Built at the beginning of the last century, a 270-metre wall which features in the iconic Queen Victoria Memorial Scheme, is to undergo £1.1million of improvement works.
The curved wall which surrounds the eastern end of Constitution Hill and Spur Road in front of Buckingham Palace was designed by the architect Sir Aston Webb and the sculptor Thomas Brock to celebrate the reign of Queen Victoria in 1901.
The scheme includes the Queen Victoria Memorial monument, the Memorial Gardens, and the Dominion gates which represent Canada, South Africa, West Africa, Australia, Newfoundland and the Malay states. Connecting the gates is a curved retaining wall made of Portland stone, and is formed of large stone plinths at the top and base, with stone balusters between the two plinths.
As part of strengthening works, a stainless steel skeleton structure will be inserted into the curved wall, which flanks the grand processional route The Mall.
In addition, repairs will be carried out and the stone will be cleaned by specialists from Stonewest, which has previously worked on other historic landmarks such as St Paul’s Cathedral and Lambeth and Chiswick Bridges.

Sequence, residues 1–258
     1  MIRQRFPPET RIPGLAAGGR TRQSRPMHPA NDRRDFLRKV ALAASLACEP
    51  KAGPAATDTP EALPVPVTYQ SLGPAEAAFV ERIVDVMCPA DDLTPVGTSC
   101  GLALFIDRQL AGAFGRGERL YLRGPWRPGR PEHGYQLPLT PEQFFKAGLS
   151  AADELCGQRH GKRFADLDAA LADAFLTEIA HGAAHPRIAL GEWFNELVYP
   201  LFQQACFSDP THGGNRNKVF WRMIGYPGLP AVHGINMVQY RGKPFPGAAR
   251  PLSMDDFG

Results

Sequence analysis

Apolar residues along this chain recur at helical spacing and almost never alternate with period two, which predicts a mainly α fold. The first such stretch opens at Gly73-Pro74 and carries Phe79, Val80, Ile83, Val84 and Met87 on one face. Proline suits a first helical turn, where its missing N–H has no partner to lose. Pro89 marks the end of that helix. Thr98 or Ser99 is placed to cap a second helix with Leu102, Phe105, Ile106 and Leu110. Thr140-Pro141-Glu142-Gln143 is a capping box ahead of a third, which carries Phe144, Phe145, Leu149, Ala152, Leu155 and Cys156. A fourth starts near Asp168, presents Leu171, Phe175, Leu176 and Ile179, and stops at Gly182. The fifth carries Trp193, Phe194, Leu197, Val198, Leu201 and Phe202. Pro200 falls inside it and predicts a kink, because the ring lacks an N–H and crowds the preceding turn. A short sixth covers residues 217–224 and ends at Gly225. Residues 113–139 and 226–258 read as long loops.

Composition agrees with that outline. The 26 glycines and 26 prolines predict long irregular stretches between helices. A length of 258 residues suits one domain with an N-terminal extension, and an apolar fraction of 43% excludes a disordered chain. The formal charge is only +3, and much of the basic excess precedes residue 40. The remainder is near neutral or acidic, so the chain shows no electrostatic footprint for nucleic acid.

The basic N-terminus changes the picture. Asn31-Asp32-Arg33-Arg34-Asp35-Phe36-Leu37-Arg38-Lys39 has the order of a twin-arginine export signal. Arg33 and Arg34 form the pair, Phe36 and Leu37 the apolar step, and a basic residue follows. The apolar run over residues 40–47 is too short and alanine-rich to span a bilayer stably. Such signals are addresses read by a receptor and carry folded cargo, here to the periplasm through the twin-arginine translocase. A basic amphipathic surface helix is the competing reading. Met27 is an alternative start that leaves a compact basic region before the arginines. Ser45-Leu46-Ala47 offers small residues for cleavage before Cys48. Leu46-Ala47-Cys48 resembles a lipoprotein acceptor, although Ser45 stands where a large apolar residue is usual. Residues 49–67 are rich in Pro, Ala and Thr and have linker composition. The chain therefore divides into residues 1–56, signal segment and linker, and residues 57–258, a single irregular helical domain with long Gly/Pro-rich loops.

The works will take place in two phases. The first phase will be on the St James’s Park section of the wall which started this month and is expected to be completed in mid November 2016. The second phase will involve the Green Park section and take place from August to November 2017.
The Green and St James’s Parks Manager Mark Wasilewski said:
“The Royal Parks prides itself on being home to some of the most iconic statues and monuments in London from the Queen Victoria Memorial and the 18ft Achilles Statue to the Albert Memorial and the Peter Pan Statue, all of which have their own unique stories and provide a snapshot of the parks’ long history.
“But managing them comes at a cost; with 140 monuments across the eight royal parks maintaining them runs into millions of pounds, and the repairs to the Grade I listed wall outside Buckingham Palace is the latest restoration project to ensure this iconic feature can continue to be enjoyed by millions of visitors each year.”
While some areas around the wall have been fenced off for safety reasons, the impact of the works on visitors will be minimal.